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Three Fielding Drills for Pitchers

https://flic.kr/p/9iRQzw - Three Fielding Drills for Pitchers - TheSeason - GameChanger

While working with his pitchers, Savannah (Missouri) High School coach Erich Bodenhausen doesn’t often stress the importance of fielding.

That’s because he doesn’t have to, the skipper said.

“I don’t think I’ve had a single player that doesn’t understand that,” said Bodenhausen, who steered the Savages to three state playoff berths from 2011-13, including a runner-up finish in 2011. “They understand that fielding the ball is just as big a part of playing your position as pitching is.”

But that doesn’t mean Savannah — which fell in its district semifinals each of the past two springs — avoids working on this nuanced aspect of manning the mound. At least twice a week during the season, Bodenhausen puts his players through the three following drills, all aimed at preparing his hurlers for whatever comes at them — or to their left or right.

Three-Man Scenarios

Three pitchers stand on the hill: one in the center, one to each side. The pitcher on the first base side practices covering first, the middle pitcher works on turning a double play with the shortstop or second baseman, and the players on the third base side fields bunts and throws to third base.

Then the staff will switch things up; fielding bunts on the opposite side of the mound, turning a 3-6-1 double play, pick-offs and so forth. When the drill is done, each pitcher has gone through just about every ball-in-play scenario imaginable.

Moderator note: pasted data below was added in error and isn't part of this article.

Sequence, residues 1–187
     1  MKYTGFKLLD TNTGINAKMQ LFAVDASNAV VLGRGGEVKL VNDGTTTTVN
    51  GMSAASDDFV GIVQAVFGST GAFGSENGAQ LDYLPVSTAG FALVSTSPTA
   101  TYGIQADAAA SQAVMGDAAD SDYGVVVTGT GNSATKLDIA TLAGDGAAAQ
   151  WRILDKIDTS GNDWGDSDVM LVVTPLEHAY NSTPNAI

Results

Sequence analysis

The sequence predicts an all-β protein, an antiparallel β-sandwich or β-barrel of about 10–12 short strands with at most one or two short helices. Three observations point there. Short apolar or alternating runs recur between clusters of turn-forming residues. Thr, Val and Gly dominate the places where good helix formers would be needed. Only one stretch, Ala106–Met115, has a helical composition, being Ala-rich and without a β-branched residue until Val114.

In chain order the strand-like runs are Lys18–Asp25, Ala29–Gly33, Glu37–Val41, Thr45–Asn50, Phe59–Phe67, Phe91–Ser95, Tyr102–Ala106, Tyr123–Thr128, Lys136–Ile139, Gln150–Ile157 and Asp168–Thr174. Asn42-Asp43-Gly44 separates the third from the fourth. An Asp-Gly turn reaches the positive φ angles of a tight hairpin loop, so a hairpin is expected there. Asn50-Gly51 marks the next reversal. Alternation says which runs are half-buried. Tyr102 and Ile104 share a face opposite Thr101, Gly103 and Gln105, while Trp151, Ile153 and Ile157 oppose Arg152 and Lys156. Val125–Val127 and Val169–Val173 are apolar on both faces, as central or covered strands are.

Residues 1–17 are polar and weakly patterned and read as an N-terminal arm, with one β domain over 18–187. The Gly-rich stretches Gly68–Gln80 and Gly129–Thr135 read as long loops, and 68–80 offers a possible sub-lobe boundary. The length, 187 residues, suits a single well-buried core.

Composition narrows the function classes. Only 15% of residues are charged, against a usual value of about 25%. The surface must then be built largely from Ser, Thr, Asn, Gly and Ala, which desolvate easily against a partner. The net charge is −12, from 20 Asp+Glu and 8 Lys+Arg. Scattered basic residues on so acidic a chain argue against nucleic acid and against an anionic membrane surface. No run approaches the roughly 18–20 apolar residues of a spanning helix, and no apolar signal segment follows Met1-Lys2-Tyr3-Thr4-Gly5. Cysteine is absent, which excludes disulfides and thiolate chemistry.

Another key component of Savage’s practices and warm-ups is the simple 15-out drill, where a coach hits ground and fly balls to a full nine-man defense. Only, instead of just standing off to the side, Savannah’s pitchers line up behind the L-screen and field balls and cover bases as each swing requires.

“It’s a lot better than just having them stand on the mound staring,” Bodenhausen said.

Simple Stand-in-Line

And when the full field isn’t available or Savannah’s arms just need some extra fielding work, Bodenhausen dumbs it down even further. The pitchers stand in a line and field balls one by one.

They’re all used to this, of course. As with most prep squads, it’s rare that a Savannah pitcher will not also have a primary fielding position when not on the mound.

“They all grew up playing pretty much every (position),” Bodenhausen said. “Each guy knows he’s just as responsible for helping himself after he makes a pitch and not just leaving it up to the guys behind him.”

From GameChanger and Phil Ervin, a freelance reporter for Red Line Editorial, Inc.